The paper investigates the energy performances of several configurations of solar-assisted heat pumps equipped with photovoltaic (PV) and photovoltaic-thermal (PVT) panels as well as solar thermal collectors for domestic hot water production. The systems are sized to serve small aggregates of users assumed as micro energy communities in low housing density context in the South of Italy. Electricity storages are also considered to smooth the interaction with the electric grid. Several indices are defined and calculated to guide toward a correct sizing, to check users’ satisfaction and to assess primary energy savings. The results show how the energy consumption from the analysed systems is mainly influenced by the amount and structure of domestic hot water demand per day. Also, according to the chosen plant layouts, it is shown that thermal contribution of PVT slightly influences the system performances. Better results in terms of less non-renewable primary energy consumption are recorded for the PV-based plant. Solar thermal collectors, even if sized for high solar fractions, do not properly support the daily heat pump operation, especially in winter, and present a certain electricity consumption for auxiliaries which results to be penalizing. Additional calculations were performed for the case of energy communities in a context with higher uses of non-renewable energy for electricity generation. Finally, opportunities to support demand-response actions for grid electricity management were investigated.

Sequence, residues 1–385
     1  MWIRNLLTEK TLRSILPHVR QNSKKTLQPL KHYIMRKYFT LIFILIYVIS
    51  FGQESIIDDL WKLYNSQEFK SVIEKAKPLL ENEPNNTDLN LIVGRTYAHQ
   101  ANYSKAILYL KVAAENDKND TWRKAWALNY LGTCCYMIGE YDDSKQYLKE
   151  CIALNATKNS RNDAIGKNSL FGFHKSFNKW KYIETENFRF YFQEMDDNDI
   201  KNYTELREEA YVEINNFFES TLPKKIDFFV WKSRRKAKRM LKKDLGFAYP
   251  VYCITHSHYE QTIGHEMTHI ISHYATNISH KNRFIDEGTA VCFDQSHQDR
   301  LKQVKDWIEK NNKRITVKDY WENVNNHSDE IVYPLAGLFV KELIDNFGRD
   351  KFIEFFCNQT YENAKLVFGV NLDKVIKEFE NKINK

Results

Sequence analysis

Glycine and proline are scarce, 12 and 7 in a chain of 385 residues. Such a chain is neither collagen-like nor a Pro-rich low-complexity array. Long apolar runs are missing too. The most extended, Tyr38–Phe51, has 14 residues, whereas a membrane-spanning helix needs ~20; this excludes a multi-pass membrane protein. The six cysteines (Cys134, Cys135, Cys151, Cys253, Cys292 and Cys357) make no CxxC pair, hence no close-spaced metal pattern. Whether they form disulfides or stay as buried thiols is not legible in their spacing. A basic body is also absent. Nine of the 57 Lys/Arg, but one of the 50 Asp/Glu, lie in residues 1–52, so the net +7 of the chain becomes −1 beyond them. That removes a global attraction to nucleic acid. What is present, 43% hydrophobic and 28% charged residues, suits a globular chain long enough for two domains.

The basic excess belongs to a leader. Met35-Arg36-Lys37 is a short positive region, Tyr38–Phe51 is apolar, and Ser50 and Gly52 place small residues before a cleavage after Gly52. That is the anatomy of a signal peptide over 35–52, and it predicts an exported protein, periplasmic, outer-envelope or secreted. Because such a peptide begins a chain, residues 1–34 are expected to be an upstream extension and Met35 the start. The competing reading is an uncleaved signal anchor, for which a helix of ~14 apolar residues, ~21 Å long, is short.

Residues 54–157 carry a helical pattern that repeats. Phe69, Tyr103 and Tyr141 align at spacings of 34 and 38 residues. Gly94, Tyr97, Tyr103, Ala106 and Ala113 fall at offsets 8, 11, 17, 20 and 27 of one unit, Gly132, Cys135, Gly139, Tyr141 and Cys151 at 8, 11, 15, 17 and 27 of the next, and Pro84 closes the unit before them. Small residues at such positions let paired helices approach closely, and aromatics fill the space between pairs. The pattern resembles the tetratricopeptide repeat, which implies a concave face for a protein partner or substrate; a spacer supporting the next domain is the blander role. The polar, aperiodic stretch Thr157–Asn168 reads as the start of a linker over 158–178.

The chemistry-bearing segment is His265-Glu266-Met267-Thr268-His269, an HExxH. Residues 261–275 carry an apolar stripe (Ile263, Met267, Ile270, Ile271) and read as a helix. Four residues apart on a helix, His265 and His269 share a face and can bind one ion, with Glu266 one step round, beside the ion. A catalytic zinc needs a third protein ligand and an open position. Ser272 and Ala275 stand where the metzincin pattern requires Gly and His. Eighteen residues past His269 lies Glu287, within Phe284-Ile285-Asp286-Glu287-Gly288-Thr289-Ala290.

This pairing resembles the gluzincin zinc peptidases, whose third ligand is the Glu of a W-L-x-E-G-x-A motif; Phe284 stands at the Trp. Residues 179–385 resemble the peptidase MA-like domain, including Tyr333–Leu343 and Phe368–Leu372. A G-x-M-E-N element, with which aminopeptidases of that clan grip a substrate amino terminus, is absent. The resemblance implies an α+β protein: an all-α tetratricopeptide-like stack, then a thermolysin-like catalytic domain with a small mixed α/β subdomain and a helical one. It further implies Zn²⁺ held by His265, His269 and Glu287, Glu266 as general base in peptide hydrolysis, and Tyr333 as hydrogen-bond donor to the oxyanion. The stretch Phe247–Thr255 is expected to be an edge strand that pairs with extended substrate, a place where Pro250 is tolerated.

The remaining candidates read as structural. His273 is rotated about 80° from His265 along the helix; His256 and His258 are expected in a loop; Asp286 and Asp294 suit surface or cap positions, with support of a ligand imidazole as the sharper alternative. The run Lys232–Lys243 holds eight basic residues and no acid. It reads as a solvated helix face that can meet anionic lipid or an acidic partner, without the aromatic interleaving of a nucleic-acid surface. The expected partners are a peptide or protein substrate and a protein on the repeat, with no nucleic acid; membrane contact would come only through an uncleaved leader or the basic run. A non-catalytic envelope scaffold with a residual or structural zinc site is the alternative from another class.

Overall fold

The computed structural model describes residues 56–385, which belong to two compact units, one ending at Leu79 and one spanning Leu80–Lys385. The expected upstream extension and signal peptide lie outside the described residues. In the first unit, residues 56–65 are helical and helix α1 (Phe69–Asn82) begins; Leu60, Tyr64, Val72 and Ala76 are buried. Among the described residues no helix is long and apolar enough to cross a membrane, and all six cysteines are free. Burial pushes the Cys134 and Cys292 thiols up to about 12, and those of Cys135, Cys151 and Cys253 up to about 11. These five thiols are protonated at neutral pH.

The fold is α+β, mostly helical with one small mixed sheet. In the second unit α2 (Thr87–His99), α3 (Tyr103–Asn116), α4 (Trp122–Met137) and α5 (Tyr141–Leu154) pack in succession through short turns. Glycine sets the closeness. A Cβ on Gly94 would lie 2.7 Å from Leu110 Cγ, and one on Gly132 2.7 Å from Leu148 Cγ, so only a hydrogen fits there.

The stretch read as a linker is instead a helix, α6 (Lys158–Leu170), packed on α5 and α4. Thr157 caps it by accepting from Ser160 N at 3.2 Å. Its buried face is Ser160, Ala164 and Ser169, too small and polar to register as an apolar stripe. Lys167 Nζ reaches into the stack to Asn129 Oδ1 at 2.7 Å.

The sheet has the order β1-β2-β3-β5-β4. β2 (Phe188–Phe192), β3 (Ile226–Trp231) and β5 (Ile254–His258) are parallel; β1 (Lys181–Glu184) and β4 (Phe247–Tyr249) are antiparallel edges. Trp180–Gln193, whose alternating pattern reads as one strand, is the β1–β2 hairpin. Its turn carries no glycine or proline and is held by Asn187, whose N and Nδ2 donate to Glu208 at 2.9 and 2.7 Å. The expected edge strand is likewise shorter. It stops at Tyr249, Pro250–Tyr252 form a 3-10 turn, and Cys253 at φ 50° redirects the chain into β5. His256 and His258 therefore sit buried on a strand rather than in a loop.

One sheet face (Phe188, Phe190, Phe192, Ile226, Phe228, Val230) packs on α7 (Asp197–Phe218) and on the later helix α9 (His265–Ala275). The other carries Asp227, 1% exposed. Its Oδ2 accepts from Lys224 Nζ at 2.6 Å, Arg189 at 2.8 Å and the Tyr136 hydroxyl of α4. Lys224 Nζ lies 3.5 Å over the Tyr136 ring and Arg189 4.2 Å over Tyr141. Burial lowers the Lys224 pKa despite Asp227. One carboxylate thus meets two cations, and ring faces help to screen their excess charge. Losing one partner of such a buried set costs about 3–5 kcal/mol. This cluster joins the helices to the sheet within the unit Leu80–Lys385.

|Numero di pagine||21|
|Stato di pubblicazione||Published - 2021|
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